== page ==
The harbor has been so empty lately. Barely any boats on the move, which is out of character when the weather is as relatively warm as it has been this season. Some lobster boats keep fishing -- but even they seem holed up, waiting for better times. Don’t know when a winter sailor has ever had such a lessened threat of getting run over by traffic.
That hasn’t always been the case. For years, a winter adventurer had to maintain a rigorous, paranoid 360-degree awareness to defend oneself. The problem of the mainsail perpetually blocking all visibility below it, kept this head, in particular, continually popping down in a contorted body pretzel shape to check to see if the coast was clear - literally. Most of the time, it wasn’t.
Back in 1987, when Gordo The Sailor Man began to become gone-with-the-wind every day, the fishing and lobstering fleets were still impressive. Net mesh sizes were the newest limits on the take. But the rodeo was still on -- fish ‘till you drop. A sentiment left over from the good old wild west days of “get ‘em before someone else does” in the ‘70s when keeping the catch away from the East Germans and Russians were driving forces in the news. The freaking government was putting people in boats cheaply to encourage our efforts. In 1987, you had to really pay attention out there. But that kept you alert and alive. It was not rare to dodge clusters of boats headed in and out of the narrowest parts of the harbor. Learning to slither over and hide alongside government marks or parked boats became a survival skill for waiting them out.
But fear is a great teacher, no? So are sudden wind shifts, gusts, knockdowns and instant snow bursts, rain calamities and even a swamping or two over the decades. That’s a whole college full of lessons in those 33 years.
Thirty-three years of being driven by some mad, ridiculous force to go and challenge the elements and the fear. The fear? Yes, because almost every day in the season from October through May, when the wind rules the bay is a lesson in overcoming fear to get off the dock and get out into it. In winter sailing, getting off the dock is often the hardest part. The wind blows you right back onto your leave point and if your sail hits the float in breeze, over the boat goes.
A sunfish is very thin and only about 12 feet long, so it is very vulnerable to any hiccups. Likewise, underway, if a 40 degree shift combines with a sudden gust, you will be popped into the harbor toaster before you can help it.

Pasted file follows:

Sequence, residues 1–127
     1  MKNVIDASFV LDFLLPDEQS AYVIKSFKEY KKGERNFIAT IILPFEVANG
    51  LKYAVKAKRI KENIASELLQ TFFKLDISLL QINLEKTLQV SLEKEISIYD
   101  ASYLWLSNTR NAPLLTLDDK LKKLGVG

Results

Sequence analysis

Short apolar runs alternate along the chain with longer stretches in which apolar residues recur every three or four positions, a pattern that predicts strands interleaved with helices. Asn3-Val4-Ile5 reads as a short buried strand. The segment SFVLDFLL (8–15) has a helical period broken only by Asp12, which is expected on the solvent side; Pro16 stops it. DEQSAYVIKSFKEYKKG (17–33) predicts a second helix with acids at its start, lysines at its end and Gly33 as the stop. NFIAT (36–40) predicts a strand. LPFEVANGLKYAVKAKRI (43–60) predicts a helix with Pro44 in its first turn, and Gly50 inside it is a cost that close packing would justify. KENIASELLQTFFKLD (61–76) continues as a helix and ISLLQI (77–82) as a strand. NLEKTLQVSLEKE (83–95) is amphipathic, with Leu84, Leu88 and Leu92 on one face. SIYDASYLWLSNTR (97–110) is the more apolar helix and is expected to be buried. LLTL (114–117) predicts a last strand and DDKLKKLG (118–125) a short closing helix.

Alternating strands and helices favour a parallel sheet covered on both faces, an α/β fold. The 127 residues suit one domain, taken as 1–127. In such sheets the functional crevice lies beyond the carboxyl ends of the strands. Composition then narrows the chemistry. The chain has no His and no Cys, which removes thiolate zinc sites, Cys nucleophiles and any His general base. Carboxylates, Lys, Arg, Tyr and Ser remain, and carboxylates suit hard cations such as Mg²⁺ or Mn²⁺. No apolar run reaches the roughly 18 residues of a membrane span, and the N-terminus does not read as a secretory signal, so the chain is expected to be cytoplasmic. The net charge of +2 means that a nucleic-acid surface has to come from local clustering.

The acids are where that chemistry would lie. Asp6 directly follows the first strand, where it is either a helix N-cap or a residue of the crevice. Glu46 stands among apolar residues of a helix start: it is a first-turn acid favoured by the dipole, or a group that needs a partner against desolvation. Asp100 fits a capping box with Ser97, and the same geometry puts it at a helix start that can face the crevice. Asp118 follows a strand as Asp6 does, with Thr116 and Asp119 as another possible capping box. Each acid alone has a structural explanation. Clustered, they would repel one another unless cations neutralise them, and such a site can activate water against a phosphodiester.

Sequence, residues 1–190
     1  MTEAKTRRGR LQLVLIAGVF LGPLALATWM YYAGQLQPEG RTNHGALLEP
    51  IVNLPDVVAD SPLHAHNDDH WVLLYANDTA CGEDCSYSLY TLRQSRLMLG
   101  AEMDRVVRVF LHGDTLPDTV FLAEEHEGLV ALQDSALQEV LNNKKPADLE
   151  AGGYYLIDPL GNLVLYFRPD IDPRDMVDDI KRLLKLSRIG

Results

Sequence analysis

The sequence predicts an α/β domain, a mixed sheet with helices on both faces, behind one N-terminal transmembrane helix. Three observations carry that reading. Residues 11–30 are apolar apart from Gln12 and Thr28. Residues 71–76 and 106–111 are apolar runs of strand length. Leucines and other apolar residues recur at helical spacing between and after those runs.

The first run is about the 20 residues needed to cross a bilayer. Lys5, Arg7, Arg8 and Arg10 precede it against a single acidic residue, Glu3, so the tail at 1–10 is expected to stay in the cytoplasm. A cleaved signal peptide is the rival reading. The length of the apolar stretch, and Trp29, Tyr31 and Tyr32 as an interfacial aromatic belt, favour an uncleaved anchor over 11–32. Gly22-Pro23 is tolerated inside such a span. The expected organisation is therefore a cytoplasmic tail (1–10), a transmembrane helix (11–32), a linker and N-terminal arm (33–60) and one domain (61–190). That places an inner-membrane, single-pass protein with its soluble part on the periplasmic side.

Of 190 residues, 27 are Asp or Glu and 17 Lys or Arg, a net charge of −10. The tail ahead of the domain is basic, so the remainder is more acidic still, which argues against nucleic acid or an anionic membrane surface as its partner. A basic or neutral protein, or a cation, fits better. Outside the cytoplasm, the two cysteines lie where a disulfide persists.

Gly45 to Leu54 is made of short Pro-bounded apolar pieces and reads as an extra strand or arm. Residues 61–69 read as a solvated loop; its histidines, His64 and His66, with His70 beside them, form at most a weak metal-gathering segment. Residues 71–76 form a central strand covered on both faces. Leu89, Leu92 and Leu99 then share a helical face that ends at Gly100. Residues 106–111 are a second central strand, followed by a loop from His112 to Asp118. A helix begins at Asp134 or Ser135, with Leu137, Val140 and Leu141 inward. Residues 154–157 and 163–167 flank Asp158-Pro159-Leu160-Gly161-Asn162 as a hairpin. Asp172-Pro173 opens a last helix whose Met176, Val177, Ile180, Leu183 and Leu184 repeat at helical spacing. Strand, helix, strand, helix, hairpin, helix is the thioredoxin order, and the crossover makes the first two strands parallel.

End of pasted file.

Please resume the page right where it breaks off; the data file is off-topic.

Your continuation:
That was the formula for my two capsizes in 33 years in Smith’s Cove. Completely out of the blue, completely under control and smugly heading home, unarmed. Slam, bang, boat upside-down, masthead stuck in the Smith Cove low tide mud. Swim to shore, dude. Sheesh. So much for relaxing for a second.
But while the initial purpose of my everyday sailing was to get better at driving and boat skills -- in the same way a guitarist has to practice every single day to get better and compete not only among their peers, but with Jimi Hendrix-type guitar greats -- after the first decade, something else began to take shape. A kind of Mount Everest began to take shape -- a goal that was so high that one couldn’t help but improve: 10,000 sails. An extremist needs a massive goal to keep going out day after day, year after year. 1987 was the starting year because my 30-foot race boat came in dead last at the International 20 National Championships in Hingham. Like Scarlett O’Hara cursing to the winds of the vanquished Tara, I declared to practice every day until I won the Nationals.
But 10,000 sails takes 300 sails a year for 33 years and then you still need another 100. My best years were 353 (2008 and ‘12) and last year at 354. Sailing solo is great way to escape the pandemic and is slated to become my best year yet -- fingers crossed -- at nearly 360 if the Arctic Clipper doesn’t invade the year’s end. However, I hit my goal of 10,000 on Nov. 1 this year, two days before the election to give Joe Biden some extra luck. (I posted a one sentence notice on Facebook). But how does one stop a habit and a desire that has formed over 33 years? Joggers keep jogging, tennis players keep playing tennis and guitarists keep practicing. It’s just their normal habit and so is this.
My racing and driving skills have improved but there’s always more to learn. I was able to win 10 races in the 210 Champs over the years, which still helps keeps me going. But there are other challenges now, in bigger boat racing that old age has facilitated. Practicing every day is still profitable from a skills point of view. Overcoming fear is also still a big part of the everyday challenge. But when folks tell me I’m brave for daring to write about Gloucester school and development politics -- what are those follies and dangers compared to the Gloucester winter wind howling away in that beckoning harbor. Come this way, ye foolish darer . . .
Gloucester resident Gordon Baird is an actor and musician, co-founder of Musician magazine and producer of “The Chicken Shack” community access TV show.